Super Seniors Fitness Solutions

Keys to Living Well, Feeling Great & Enjoying Life

Inflammation – Why Worry About It? May 26, 2014

Filed under: Health,Nutrition — jax allen @ 8:30 am
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Inflammation – Why Worry About It?

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According to statistics from the World Health Organization, about 12.9 million people world-wide died from some form of cardiovascular disease in 2004. Each year, the World Cancer Research Fund estimates that some eight million people died from cancer. Heart disease and cancer, the deadly manifestation of chronic inflammation, are expected to remain as the leading causes of death in developed countries for many years to come.

But study after study shows that the risk of heart disease and cancer are modifiable by our life style choices which include the food we choose to eat each day. With every bite we take, we’re either balancing the pro- and anti-inflammatory compounds in the body. Tipping the scale to one end.

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To shift the balance to your favour, other than incorporating more natural anti-inflammatory foods in your diet, it’s also equally important to avoid or cut down on foods which are known to promote inflammation. Here, we look at the top ten foods which set the stage for inflammatory diseases

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Obesity Raises Breast Cancer Death Risk in Pre-Menopausal Women May 25, 2014

Filed under: Health — jax allen @ 9:24 am
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Obesity Raises Breast Cancer Death Risk in Pre-Menopausal Women
By Nicole Ostrow May 15, 2014

Women younger than 50 who are obese and have a common form of breast cancer have a higher risk of dying from the disease than women with the cancer who are normal weight, researchers said.

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Being obese was associated with a 34 percent increased chance of breast cancer death in pre-menopausal women with estrogen receptor-positive disease, which responds to hormone treatment, an analysis of 70 clinical trials found. The study, released yesterday, will be presented at the American Society of Clinical Oncology meeting beginning May 30 in Chicago.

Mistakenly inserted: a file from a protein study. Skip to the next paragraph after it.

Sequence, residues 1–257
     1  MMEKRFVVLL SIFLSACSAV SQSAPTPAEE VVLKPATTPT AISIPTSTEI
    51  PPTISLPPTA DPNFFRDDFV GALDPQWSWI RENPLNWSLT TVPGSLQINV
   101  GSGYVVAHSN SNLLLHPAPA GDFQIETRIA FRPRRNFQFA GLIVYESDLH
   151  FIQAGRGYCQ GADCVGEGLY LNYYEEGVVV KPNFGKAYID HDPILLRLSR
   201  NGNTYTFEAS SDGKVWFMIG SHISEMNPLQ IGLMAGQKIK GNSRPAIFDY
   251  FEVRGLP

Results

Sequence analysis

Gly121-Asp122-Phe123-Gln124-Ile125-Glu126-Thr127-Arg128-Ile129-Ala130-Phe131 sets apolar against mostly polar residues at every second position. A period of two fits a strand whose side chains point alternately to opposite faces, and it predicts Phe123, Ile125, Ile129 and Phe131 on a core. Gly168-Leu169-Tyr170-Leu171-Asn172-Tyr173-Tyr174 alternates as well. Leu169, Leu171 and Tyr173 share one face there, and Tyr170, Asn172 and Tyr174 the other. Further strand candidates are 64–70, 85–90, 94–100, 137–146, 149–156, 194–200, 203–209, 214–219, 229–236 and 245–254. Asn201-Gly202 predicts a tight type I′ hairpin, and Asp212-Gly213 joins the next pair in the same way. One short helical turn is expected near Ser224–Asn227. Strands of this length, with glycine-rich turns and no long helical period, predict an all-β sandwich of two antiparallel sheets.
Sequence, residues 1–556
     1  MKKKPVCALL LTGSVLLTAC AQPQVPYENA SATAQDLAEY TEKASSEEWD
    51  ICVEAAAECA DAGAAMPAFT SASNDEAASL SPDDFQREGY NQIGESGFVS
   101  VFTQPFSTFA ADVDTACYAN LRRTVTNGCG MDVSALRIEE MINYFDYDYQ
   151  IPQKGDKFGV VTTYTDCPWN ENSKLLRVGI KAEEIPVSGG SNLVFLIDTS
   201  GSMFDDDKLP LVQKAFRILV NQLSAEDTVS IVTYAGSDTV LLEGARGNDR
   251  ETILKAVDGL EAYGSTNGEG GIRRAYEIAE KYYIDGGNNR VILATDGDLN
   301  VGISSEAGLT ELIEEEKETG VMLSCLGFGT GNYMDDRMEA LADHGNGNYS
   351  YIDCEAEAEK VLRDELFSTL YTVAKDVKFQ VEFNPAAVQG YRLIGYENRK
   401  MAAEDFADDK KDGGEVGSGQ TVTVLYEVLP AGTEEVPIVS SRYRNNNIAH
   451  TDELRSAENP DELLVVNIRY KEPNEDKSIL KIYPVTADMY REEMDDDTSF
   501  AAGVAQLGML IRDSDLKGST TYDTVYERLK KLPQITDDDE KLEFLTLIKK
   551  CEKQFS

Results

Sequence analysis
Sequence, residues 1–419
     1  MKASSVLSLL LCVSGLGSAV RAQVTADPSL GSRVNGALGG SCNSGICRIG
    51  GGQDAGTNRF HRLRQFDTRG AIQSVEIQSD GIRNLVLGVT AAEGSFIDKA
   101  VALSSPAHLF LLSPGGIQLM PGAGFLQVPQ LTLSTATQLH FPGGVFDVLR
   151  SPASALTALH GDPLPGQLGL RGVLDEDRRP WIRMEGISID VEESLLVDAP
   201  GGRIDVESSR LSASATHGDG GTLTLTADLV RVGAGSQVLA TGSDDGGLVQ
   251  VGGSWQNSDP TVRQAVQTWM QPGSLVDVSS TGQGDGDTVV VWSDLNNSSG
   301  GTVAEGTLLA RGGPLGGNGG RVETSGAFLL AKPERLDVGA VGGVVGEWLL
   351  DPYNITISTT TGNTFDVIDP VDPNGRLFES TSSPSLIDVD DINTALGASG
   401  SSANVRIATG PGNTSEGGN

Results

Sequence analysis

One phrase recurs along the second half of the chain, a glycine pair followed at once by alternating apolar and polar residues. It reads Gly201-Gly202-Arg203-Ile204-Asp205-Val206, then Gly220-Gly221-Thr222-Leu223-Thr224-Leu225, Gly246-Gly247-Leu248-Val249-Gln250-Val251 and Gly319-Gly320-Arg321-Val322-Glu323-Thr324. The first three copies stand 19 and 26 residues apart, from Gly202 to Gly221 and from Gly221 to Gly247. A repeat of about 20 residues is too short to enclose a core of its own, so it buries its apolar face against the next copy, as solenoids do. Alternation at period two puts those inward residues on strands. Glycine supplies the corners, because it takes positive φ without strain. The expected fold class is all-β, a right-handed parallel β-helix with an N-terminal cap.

The research is among the latest to tie obesity to cancer risk and the largest to examine weight’s role in the prognosis of estrogen-receptor positive breast malignancy and menopausal status, the authors said. Obesity is associated with increased dangers of other cancers including esophagus, endometrium, colon, kidney, pancreas, thyroid and gallbladder, according to the National Cancer Institute.

“This study is part of the growing body of evidence showing that patients who are obese generally fare worse with cancer –- in this case, younger women with breast cancer,” Clifford Hudis, president of the cancer doctors’ group, said in a statement. “With some two-thirds of our nation’s adult population now obese or overweight, there’s simply no avoiding obesity as a complicating factor in cancer care.”

Breast cancer is the most diagnosed cancer among U.S. women, according to the Centers for Disease Control and Prevention. Two-thirds of all breast tumors are fed by estrogen, according to the National Institutes of Health. More than 230,000 women in the U.S. will be diagnosed with breast cancer this year and 40,000 will die.

Study Results

The study’s results showed no association between weight and death in post-menopausal women with estrogen receptor-positive disease, a surprise finding because obesity increases blood estrogen levels in older women, said lead study author Hongchao Pan.

“This is exactly the opposite of what we expected,” Pan, a senior research fellow at the University of Oxford in the U.K., said in a telephone interview. “We know the effect is definite and real. We don’t know the mechanisms that underlie the association at the moment.”

Researchers in the study looked at 80,000 women in 70 clinical trials. Of those, 20,000 were pre-menopausal with ER-positive disease, 40,000 had ER-positive disease and were post-menopausal and 20,000 were pre-menopausal with ER-negative disease.

They found that both overweight and obese pre-menopausal women had a higher risk of dying from ER-positive breast cancer compared with women who were normal weight.

 

12 Tips to Reduce or Avoid Dementia and Alzheimer symptoms…. May 19, 2014

12 Tips to Reduce or Avoid Dementia and Alzheimer symptoms….

1. Optimise vitamin D. In 2007 researchers at the University of Wisconsin uncovered strong links between low levels of vitamin D in Alzheimer’s patients and poor outcomes on cognitive tests. Scientists launched the study after family members of Alzheimer’s patients who were treated with large doses of prescription vitamin D reported that they were acting and performing better than before.6